Debussy No Evil
8:00pm. I'm in my car rushing to Blackerby for an evening of Claude Debussy's chamber music which starts, oh, maintenant. I clocked out early from work, but I still arrive several minutes late, checking first the front door—locked—and then a slightly ajar back door, which opens directly and highly conspicuously into the rear of the recital hall as applause is dying away. The modestly advertised concert is well-attended, and there are no empty seats for quick and covert assimilation, so I sidle a few feet along the back wall and take out my notepad while the pianist, Mr. Scott Donald, places the first chords of Debussy's Cello Sonata.
Cellist Jon Carbin assumes a serios-O-face and begins laying into the opening flourishes as I document the aesthetics of the room. The stage is plain, long and shallow, with four stately wall lamps evenly spaced along the back wall and a smattering of dim lights recessed into the ceiling, which give the room a sort of soap-opera glow. Scott wears a pale blue shirt and his short-trimmed gray hair sharply contrasts his pink face. The dirty-blond Jon is positioned in the crook of the piano faced front and center; his shirt is a bluer blue which contrasts nicely with his toffee-colored cello. At the back, violinist Caleb Polashek, the third star of the show, turns pages for Scott and brings a textured dark blue-ish shirt to the mix. Under the influence of the washed-out sounds of the composer of La Mer, one is inclined to notice that together they comprise the colors of ocean surf...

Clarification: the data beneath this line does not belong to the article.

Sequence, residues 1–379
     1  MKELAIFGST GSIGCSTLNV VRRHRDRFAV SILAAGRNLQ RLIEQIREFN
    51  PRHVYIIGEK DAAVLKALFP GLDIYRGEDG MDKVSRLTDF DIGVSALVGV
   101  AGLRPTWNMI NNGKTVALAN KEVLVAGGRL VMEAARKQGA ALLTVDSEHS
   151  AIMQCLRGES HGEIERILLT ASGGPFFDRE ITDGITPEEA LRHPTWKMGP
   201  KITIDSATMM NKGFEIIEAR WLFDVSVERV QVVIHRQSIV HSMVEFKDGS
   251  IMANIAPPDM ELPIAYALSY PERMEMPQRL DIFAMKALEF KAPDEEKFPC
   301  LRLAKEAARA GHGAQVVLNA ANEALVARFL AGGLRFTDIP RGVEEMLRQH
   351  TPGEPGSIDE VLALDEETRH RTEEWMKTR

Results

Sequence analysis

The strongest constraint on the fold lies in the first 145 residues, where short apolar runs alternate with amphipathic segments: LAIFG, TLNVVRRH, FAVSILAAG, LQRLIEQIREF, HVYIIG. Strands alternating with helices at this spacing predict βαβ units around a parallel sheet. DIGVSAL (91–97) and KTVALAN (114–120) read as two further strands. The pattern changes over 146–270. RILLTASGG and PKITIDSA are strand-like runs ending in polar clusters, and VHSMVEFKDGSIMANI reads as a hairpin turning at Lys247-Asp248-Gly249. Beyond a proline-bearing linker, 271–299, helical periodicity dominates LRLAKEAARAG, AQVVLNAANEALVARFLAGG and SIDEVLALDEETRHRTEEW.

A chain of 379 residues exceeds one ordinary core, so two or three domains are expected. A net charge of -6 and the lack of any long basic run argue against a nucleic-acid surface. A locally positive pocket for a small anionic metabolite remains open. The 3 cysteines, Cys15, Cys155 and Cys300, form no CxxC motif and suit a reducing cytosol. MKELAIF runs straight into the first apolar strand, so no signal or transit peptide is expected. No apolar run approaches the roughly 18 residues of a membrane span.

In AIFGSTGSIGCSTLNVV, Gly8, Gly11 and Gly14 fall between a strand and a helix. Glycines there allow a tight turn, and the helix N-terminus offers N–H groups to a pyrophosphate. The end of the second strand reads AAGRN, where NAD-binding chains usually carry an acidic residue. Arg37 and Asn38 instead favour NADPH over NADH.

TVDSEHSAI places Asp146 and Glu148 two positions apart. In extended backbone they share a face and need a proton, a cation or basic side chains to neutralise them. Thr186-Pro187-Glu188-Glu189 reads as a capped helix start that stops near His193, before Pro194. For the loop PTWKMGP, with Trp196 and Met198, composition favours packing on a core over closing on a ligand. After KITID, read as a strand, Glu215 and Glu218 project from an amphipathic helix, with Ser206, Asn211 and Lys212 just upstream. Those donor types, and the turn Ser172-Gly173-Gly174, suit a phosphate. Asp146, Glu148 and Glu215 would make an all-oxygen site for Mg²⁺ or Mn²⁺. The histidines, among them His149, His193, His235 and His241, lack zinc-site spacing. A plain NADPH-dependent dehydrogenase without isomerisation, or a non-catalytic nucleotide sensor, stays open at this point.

A small phalanx of comfy chairs fills the center of the room. To the left and right, two large abstract depictions of violin forms hang high on the walls like garish, green-blue-orange earrings. "Paintings you'd only find in a violin shop," my buddy Dan will later comment.
It's boomy in here—flattering, and, as Jon says, certainly in the interest of a violin dealer—but not so much that the sound is drowned in reverb. Cello is easily heard alongside its full-stick, black lacquer counterpart. There is a vernacular sort of charm in Jon's playing, which highlights the husky nature of his Bronek Cison cello, and, while the performance is polished, it is personality, not discipline, which defines its merit.
At this point, I nab a program and discover that I missed the first piece on the program, La fille aux cheveux de lin, AKA "The girl with the flaxen hair." Scott now performs a second solo piano work, Ondine, a coquettish prelude with dramatic undertones. Afterwards, the piano is taken down to half-stick for the Violin Sonata. Caleb stands to the left of the piano, with loose black slacks and light brown hair slicked and parted. His vibrato is narrow and energetic, with a characteristic vulnerability, and there's a uninhibited naturalness to his technique. In this space, the violin cuts through the air like a katana, and high-strung moments like the first movement's concluding flourish are borderline overwhelming.
During Scott's absorbing and tectonic interlude, a boy in the second row drapes his body over an empty seat in front, occasionally turning with playful eyes to the rows behind him. He finds his fellow audience members peepless, presumably rapt.
All parties come together for the 1879 Piano Trio in G Major which concludes the program. This youthful work is rich and Brahmsian—at times uncannily reminiscent of Brahms' B major Trio, written in Brahms' own early adulthood 25 years prior—and hardly of the impressionistic style which would come to define Debussy's later work. The three make a spectacle of their indulgence, swaying together and locking eyes for one syrupy cadence after another. The piece simply demands it. The plagal cadence towards the end of the final movement draws applause from a few overzealous members of the audience, and smirks cross the faces on stage before the show goes careening to a finish.
I don't think anything is official, but rumor has it these three Austin musicians—each a teacher and performer in his own right—will be making a lot more appearances on the local scene. Keep an eye out for Coronado.